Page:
Stops an Amazon EBS-backed instance. For more information, see Stop and start your instance in the Amazon EC2 User Guide.
You can use the Stop action to hibernate an instance if the instance is enabled for hibernation and it meets the hibernation prerequisites. For more information, see Hibernate your instance in the Amazon EC2 User Guide.
We don't charge usage for a stopped instance, or data transfer fees; however, your root partition Amazon EBS volume remains and continues to persist your data, and you are charged for Amazon EBS volume usage. Every time you start your instance, Amazon EC2 charges a one-minute minimum for instance usage, and thereafter charges per second for instance usage.
You can't stop or hibernate instance store-backed instances. You can't use the Stop action to hibernate Spot Instances, but you can specify that Amazon EC2 should hibernate Spot Instances when they are interrupted. For more information, see Hibernating interrupted Spot Instances in the Amazon EC2 User Guide.
When you stop or hibernate an instance, we shut it down. You can restart your instance at any time. Before stopping or hibernating an instance, make sure it is in a state from which it can be restarted. Stopping an instance does not preserve data stored in RAM, but hibernating an instance does preserve data stored in RAM. If an instance cannot hibernate successfully, a normal shutdown occurs.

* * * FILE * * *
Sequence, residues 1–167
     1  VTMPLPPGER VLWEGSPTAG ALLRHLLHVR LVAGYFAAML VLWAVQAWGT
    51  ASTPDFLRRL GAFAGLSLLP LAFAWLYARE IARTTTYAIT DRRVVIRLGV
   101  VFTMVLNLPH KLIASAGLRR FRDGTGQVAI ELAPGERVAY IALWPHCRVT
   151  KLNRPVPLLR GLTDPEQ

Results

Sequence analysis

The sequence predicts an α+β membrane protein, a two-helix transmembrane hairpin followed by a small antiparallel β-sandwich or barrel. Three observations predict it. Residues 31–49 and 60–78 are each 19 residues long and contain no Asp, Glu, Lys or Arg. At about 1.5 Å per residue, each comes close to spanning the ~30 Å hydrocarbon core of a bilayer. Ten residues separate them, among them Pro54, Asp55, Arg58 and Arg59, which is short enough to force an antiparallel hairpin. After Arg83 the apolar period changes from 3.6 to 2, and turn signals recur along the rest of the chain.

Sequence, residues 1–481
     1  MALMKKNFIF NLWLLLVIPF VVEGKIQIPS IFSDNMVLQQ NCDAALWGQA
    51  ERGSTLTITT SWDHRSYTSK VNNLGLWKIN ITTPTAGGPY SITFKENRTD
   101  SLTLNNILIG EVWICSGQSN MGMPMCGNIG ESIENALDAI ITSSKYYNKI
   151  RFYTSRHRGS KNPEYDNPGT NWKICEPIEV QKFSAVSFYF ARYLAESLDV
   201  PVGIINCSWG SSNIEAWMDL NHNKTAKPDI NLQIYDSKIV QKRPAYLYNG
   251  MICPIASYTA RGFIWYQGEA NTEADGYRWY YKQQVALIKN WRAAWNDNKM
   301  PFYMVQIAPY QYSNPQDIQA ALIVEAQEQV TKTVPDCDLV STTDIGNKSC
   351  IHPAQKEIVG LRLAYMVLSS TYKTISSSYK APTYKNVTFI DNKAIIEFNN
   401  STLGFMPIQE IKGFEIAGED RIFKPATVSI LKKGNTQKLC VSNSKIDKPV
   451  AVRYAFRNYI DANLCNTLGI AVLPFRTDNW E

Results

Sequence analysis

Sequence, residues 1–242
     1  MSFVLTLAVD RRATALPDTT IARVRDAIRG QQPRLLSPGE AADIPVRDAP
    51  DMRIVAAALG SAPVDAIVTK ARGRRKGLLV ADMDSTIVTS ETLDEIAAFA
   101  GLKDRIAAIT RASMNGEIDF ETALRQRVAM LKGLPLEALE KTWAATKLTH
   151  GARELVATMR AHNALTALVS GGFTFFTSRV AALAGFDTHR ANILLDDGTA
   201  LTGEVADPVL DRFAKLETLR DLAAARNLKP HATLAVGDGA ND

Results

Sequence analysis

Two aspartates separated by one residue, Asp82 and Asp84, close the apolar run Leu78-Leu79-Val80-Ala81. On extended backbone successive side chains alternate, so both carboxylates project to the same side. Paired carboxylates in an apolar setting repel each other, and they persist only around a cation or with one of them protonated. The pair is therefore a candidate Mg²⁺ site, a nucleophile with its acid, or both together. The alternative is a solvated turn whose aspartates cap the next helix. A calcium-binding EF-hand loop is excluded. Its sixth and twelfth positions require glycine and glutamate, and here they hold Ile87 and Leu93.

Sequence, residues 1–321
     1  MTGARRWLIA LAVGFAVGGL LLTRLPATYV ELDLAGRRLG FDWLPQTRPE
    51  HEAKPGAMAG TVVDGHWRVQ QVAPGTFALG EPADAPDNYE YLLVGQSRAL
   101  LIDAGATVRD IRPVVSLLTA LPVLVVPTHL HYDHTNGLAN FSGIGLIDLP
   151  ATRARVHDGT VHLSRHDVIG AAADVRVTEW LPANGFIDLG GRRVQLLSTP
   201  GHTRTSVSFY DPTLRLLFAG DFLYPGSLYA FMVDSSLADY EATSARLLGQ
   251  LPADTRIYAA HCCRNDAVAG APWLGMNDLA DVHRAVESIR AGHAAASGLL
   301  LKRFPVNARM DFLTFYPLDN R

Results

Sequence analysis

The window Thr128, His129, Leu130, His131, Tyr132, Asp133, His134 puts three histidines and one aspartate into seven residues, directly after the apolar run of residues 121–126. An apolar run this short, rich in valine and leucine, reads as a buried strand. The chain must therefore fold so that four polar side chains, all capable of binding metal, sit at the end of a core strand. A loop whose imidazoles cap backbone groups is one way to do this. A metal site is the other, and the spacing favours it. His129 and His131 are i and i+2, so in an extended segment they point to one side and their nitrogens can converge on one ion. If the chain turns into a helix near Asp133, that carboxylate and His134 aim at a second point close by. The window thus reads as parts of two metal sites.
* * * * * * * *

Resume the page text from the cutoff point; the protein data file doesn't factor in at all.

Stopping and hibernating an instance is different to rebooting or terminating it. For example, when you stop or hibernate an instance, the root device and any other devices attached to the instance persist. When you terminate an instance, the root device and any other devices attached during the instance launch are automatically deleted. For more information about the differences between rebooting, stopping, hibernating, and terminating instances, see Instance lifecycle in the Amazon EC2 User Guide.
When you stop an instance, we attempt to shut it down forcibly after a short while. If your instance appears stuck in the stopping state after a period of time, there may be an issue with the underlying host computer. For more information, see Troubleshoot stopping your instance in the Amazon EC2 User Guide.